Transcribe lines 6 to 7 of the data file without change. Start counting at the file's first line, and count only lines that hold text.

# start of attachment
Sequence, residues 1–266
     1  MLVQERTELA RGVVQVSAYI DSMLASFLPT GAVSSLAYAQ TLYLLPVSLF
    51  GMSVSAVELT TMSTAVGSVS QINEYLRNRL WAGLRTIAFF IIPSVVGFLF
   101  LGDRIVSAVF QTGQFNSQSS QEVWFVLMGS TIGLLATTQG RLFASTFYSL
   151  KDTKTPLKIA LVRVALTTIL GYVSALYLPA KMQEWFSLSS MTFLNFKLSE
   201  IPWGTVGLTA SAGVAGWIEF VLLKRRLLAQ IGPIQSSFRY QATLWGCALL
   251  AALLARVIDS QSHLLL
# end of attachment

   201  IPWGTVGLTA SAGVAGWIEF VLLKRRLLAQ IGPIQSSFRY QATLWGCALL
   251  AALLARVIDS QSHLLL